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© 2017 by Kindred, LLC.

301 S. Rangeline Road, Carmel IN 46032

Self-Care 101

Tuesday, March 7, 2017




Hello Kindred community!  We’re exploring an essential concept today for positive wellbeing— one that may have been sitting in the backseat for quite some time.  So, let’s dig in…



What Self-Care IS

Self-care can be described as anything you do to best care for and rejuvenate your mind, body, and spirit.  It’s taking time to replenish yourself with the things that make you uniquely tick.  Doing so restores your soul and your ability to function well and not on fumes.  Here are some examples: going for a bike ride, reading, painting, engaging in yoga, listening to music, running, coloring, engaging in deep breathing, enjoying a cup of coffee, going for a walk in the sunshine, enjoying a fragrant candle, eating healthy foods, an impromptu dance party (I love these), resting, laughing, you get the picture…

I’ve included some photos of my favorite self-care activities.




What Self-Care ISN’T

Self-care is not selfish.  Say it with me now!  You can actually love people better and operate more like your normal self when you practice self-care.


Self-care is not often valued in our Western society.  In an age where producing and doing are elevated, caring for the self is usually downplayed.


Oftentimes, when we need to incorporate self-care the most, our inner critic tells us that we simply don’t have the time.  Or we may hear this discouragement from others, but not so explicitly.




Beware of the sneaky word “should” that our inner critic often uses.  Super guilt-inflicting and undercutting, this crafty word makes its way into our language and can quickly lead to shaming ourselves for what we “should” be able to accomplish.


Self-care does not get ranked among the important tasks on our “to-do” list.  It may not even make it on the “to-do” list.  But here’s why it should…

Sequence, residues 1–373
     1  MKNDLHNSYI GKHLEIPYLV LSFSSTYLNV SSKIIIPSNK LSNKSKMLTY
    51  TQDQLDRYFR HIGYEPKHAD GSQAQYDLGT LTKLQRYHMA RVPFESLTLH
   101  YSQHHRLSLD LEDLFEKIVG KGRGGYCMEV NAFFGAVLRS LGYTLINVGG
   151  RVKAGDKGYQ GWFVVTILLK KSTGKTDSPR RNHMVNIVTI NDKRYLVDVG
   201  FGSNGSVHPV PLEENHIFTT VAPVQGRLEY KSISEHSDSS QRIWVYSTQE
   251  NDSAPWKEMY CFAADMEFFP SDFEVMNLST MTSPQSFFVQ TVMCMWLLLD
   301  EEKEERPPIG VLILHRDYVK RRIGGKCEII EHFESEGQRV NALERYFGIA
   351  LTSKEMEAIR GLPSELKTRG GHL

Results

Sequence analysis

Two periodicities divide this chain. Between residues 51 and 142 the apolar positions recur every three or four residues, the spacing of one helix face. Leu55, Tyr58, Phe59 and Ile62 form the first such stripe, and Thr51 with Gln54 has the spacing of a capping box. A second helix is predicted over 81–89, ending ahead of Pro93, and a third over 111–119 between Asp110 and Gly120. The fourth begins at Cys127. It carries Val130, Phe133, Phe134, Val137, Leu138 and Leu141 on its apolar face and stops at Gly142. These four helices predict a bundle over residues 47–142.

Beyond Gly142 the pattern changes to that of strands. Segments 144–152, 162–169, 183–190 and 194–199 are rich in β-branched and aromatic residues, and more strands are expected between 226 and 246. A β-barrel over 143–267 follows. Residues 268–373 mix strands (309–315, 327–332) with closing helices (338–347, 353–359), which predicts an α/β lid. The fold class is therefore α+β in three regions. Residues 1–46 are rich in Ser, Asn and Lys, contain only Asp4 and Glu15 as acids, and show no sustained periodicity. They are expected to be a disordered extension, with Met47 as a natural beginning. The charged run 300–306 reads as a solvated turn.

A Self-Care Research Snippet

Marks (2006), states how engaging in self-care activities actually produce the “bonding hormone” called, oxytocin, which helps to fight against the stress hormone, cortisol.  Essentially, this oxytocin hormone is your friend and provides numerous health benefits.  We can see then how self-care is an active remedy to every-day stress.




A Little Metaphor Morsel:

Think about getting an oil change in your car.  It’s something you are highly recommended to do every certain amount of miles you travel.  If you didn’t change the oil with regularity, things would begin to not function as they should.  Damage may very well be caused to your car.  It’s part of the natural maintenance and responsibility of owning a car.  Your car functions at its best and is the most reliable when it is well-cared for.  Same thing with your mind, body, and spirit: they require regular maintenance in order to operate properly.



Self-Care is not a luxury— it is a necessity.  


Everyone will require different levels of “maintenance” for different seasons of life.  My encouragement to you would be to examine the current context of your life to help determine the amount of self-care you need: what are your commitments and responsibilities?  Where is your time needed and how much is required?  Would you anticipate this being a long or a brief season of life?